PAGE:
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کد خبر: ۵۸۴۰۶۰
تاریخ انتشار: ۱۵:۱۴ - ۲۲ ارديبهشت ۱۳۹۹
According to Khabar Khodro, Rolls-Royce has reopened its factory this week, with low-volume production recommencing at Goodwood.

According to Khabar Khodro, Rolls-Royce has reopened its factory this week, with low-volume production recommencing at Goodwood.

The company has confirmed it has fitted out the boutique West Sussex plant with social distancing measures and upgraded sanitisation facilities so it could start a full shift on 4 May. Around 1000 staff are involved, in the best indication yet that there is light at the end of the tunnel.

Rolls plans to add the second shift in the coming weeks. Chief executive Torsten Müller-Ötvös said: 'We’ve taken this decision because we are receiving orders from our customers and we are heeding the British government’s call to resume production and support the British economy.'

Bouncing back: what each car manufacturer is doing about Covid-19

Aston Martin

Gaydon hasn’t revealed when its factory will reopen, but it is extending warranties in the meantime and manufacturing PPE for the NHS. All new-vehicle warranties that were due to expire or have expired since 14 March are now extended to 30 June – hopefully when the pandemic has eased.

Audi

Audi has pledged to start building cars again from the end of the month. The brand is introducing new plastic barriers to separate workers on the line and measures to keep factory staff more than 1.5 metres apart wherever possible. Whole shift patterns are being reworked to help reduce contact, Ingolstadt said.

Ducati

The Italian motorcycle company resumed production at its Borgo Panigale factory in Italy on 27 April.

Ferrari

Ferrari last week confirmed its Maranello HQ (below) will remain shuttered until at least 3 May and the supercar manufacturer is rolling out a programme called ‘Back On Track’ to ensure improved anti-viral health measures are in place for when staff return. The Italian company is also making masks, complete with a Prancing Horse.

Hyundai

Hyundai has just reopened its Czech factory.

Jaguar Land Rover

JLR is ramping up production of protective face visors to supply health workers in the NHS. It's working with WHS Plastics to make 14,000 visors a week at its Advanced Product Creation Centre in Gaydon - that's one every 30 seconds.

Nissan

Sunderland is set to reopen, but only with a pilot scheme that will see around 50 workers returning to the factory. There are currently no plans to restart production in the UK either, though cars should begin to roll off the factory floor of Nissan's Barcelona plant from 4 May.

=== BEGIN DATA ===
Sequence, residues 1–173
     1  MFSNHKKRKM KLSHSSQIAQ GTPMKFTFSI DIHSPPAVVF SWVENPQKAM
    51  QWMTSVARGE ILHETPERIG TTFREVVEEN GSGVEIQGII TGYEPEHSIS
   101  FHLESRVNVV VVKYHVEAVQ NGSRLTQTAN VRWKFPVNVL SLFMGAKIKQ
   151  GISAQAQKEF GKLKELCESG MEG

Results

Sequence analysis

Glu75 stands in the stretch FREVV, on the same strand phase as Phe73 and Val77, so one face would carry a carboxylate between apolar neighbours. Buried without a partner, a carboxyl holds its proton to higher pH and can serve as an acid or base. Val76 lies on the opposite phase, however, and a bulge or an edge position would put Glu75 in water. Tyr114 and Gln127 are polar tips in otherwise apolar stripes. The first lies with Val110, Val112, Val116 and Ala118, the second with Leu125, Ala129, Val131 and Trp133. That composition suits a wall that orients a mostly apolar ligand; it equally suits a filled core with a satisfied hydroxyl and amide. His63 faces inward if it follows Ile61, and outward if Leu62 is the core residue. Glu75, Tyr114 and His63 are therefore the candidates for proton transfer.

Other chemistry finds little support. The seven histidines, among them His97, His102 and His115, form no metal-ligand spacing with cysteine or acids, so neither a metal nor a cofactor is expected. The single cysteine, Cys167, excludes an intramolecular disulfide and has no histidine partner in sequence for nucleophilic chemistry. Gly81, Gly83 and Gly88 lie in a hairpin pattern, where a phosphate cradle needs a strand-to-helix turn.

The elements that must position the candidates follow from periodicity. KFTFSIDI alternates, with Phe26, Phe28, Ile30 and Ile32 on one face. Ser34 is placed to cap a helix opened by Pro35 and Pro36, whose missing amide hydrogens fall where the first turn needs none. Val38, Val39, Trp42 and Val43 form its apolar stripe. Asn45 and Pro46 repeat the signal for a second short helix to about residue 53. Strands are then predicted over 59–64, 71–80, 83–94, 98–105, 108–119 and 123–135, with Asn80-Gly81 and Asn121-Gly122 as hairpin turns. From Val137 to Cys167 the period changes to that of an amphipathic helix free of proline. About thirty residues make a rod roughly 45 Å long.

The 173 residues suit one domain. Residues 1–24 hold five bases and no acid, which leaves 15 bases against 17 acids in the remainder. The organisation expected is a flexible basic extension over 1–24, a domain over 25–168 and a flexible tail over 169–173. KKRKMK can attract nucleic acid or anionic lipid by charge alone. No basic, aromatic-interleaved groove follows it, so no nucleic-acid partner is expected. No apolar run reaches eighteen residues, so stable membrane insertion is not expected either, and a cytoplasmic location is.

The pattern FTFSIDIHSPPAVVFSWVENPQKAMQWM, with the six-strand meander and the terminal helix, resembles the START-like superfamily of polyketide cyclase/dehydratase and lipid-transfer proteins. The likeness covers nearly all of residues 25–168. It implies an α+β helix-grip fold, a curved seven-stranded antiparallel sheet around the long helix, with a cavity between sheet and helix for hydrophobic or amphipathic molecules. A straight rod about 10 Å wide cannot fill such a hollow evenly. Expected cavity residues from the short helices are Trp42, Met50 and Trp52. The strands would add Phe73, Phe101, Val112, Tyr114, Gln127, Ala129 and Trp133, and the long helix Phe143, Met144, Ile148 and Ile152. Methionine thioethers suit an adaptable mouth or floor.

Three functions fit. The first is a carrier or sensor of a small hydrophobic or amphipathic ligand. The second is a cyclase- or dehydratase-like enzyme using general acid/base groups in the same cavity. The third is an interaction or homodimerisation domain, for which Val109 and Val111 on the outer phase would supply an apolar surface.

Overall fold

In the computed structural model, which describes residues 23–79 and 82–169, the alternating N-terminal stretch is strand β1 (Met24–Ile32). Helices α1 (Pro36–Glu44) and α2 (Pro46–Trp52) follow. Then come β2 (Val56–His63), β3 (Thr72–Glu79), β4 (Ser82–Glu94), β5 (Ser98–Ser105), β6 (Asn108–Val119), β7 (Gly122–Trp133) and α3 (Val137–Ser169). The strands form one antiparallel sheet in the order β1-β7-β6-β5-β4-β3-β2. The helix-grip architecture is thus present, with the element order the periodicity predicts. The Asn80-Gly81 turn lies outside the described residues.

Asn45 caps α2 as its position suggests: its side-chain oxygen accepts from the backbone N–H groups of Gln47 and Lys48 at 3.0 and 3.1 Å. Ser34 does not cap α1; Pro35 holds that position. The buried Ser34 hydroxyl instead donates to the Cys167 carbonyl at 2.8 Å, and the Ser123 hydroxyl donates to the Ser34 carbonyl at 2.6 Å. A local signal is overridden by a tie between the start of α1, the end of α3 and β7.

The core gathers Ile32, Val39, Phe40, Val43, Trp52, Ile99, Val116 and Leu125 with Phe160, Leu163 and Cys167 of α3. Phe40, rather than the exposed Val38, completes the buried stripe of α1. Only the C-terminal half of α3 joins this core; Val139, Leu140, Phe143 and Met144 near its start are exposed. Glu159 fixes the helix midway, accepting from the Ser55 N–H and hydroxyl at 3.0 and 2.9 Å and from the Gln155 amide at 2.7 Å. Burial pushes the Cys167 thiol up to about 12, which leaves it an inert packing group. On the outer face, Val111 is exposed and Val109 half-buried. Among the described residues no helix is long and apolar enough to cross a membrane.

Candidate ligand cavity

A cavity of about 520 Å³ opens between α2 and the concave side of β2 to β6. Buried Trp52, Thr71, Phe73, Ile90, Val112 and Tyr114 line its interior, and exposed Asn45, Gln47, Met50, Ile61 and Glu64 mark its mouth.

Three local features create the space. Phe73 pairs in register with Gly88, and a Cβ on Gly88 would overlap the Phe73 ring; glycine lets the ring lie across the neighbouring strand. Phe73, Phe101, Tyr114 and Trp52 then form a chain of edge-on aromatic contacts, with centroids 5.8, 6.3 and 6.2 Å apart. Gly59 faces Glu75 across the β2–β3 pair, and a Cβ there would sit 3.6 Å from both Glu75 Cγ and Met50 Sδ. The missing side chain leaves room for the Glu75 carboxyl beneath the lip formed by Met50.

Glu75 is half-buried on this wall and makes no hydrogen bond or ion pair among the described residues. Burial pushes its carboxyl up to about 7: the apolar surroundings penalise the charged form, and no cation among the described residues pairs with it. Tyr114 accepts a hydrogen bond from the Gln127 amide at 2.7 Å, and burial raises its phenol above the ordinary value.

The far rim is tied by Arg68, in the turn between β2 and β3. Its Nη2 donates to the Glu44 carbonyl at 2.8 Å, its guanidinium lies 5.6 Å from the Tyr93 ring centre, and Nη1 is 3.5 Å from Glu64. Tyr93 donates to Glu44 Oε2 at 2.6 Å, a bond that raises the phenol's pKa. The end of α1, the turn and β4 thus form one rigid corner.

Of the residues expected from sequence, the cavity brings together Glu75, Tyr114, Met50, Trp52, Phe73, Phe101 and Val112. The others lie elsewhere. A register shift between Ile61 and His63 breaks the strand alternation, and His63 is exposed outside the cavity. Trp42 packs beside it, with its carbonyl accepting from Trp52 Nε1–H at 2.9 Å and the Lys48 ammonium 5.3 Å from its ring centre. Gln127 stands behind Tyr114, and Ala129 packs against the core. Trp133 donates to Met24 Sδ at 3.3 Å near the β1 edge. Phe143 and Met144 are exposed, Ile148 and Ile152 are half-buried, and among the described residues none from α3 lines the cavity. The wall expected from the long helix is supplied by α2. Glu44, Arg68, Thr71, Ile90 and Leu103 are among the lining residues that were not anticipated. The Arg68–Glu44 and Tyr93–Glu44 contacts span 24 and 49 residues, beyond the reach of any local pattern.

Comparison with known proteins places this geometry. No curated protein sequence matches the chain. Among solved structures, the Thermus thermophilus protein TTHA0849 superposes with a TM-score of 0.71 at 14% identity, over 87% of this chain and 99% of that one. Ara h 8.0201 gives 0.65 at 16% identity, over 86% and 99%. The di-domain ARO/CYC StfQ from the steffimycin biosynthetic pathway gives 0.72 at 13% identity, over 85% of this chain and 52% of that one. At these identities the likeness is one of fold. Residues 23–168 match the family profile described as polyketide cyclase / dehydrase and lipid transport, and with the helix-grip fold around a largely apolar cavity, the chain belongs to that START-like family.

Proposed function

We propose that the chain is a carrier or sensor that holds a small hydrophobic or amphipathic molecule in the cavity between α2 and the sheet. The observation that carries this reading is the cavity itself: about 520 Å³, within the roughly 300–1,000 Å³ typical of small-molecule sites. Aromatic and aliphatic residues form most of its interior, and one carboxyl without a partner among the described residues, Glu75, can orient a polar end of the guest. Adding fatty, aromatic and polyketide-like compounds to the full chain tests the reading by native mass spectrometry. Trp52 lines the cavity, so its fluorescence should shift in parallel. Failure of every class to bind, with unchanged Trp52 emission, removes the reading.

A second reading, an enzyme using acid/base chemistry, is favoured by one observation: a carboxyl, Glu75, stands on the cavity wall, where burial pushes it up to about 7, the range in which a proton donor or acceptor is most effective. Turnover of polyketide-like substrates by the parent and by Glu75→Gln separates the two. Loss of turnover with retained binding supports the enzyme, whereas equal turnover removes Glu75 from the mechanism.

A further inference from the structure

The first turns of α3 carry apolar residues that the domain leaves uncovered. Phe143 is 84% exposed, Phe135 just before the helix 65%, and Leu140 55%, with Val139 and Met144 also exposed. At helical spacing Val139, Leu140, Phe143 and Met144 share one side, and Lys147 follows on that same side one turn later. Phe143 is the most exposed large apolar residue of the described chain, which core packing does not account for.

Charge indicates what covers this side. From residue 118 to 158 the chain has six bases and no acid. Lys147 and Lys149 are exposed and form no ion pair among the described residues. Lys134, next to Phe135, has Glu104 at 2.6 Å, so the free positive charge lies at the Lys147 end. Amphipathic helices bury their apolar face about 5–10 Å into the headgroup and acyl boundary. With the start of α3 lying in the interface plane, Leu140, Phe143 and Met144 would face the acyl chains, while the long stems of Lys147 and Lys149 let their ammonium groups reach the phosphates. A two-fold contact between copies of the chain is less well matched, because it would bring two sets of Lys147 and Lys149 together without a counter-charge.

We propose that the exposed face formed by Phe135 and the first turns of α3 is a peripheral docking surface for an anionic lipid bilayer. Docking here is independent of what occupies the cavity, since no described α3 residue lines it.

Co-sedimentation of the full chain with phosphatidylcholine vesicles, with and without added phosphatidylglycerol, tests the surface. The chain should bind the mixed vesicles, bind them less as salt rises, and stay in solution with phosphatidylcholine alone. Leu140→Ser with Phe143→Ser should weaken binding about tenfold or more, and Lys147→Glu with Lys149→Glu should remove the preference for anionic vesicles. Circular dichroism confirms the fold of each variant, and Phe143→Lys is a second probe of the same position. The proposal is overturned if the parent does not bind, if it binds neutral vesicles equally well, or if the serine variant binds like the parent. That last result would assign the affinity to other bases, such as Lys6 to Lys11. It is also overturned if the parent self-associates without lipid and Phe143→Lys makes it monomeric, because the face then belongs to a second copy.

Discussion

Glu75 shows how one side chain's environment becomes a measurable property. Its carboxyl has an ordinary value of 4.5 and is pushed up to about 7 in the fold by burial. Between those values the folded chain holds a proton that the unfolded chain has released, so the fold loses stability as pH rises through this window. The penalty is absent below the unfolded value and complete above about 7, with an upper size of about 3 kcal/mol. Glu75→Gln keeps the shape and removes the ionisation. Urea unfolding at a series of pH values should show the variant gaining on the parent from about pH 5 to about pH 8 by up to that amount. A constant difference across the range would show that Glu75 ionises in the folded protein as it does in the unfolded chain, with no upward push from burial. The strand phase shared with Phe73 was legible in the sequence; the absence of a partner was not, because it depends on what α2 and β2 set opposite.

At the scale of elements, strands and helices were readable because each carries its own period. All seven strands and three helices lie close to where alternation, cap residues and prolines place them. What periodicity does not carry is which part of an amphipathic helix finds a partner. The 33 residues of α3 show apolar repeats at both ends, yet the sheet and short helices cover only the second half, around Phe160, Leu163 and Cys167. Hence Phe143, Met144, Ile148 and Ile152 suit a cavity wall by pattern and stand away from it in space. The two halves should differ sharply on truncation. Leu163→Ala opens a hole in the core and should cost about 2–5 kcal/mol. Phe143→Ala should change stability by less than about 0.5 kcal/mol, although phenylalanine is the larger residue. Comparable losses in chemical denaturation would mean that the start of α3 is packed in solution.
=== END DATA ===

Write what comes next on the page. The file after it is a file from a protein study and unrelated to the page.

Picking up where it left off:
PSA

Peugeot Citroen hasn’t revealed when its factories will be back online, but has instead donated 700,000 masks to hospitals, emergency services and prefectures across Europe. It’s also involved in producing respirators.

Rolls-Royce

The Goodwood factory is reopening on Monday 4 May, with a single shift.

Tesla

According to Bloomberg, Tesla intends to restart production in North America in the first week of May. On 29 April it announced a third consecutive quarterly profit, as revenues jumped in Q1 by 30% to $5.9 billion, making a modest $16m profit. Boss Elon Musk spoke vocally agains the US lockdown, saying: 'Frankly I would call it forcibly imprisoning people in their homes against all their constitutional rights... It will cause great harm, not just to Tesla but to many firms. While Tesla will weather the storm, there are many small companies that will not.'

Vauxhall

Vauxhall has come up with a series of measures to prepare its Ellesmere Port factory to reopen, including keeping all doors open to minimise contact with door handles and new markings in break-out areas, to make sure workers can still apply social distancing in the workplace.

UK roads deserted in lockdown, as traffic drops to 1955 levels

UK road traffic has plunged to levels not seen since 1955, official figures show. The UK lockdown to halt the spread of coronavirus has restricted the public to only essential travel, leaving many roads deserted.

Government figures show road travel has reduced by up to 73%, with journeys by private car falling the most. Lorry trips have decreased by a more modest 40%, as essential supplies continue to move around the country.

The Guardian newspaper scrutinised Cabinet Office transport data and found the number of road miles travelled has not been as low since 1955 - an era when Winston Churchill was prime minister and there were no motorways criss-crossing the United Kingdom. Just five million cars and vans were registered in 1955, compared with 36m today.

The public's use of public transport has fallen even more dramatically: rail travel is down 90%, while Londoners are taking 94% fewer Tube trips.

Noise and air pollution have nosedived, but it's too early for conclusive proof according to data scientists. Campaigners are worried that traffic will bounce back after the Covid-19 pandemic is brought under control, but others suggest that the radical shift to home-working may continue, disrupting regular commuting patterns.


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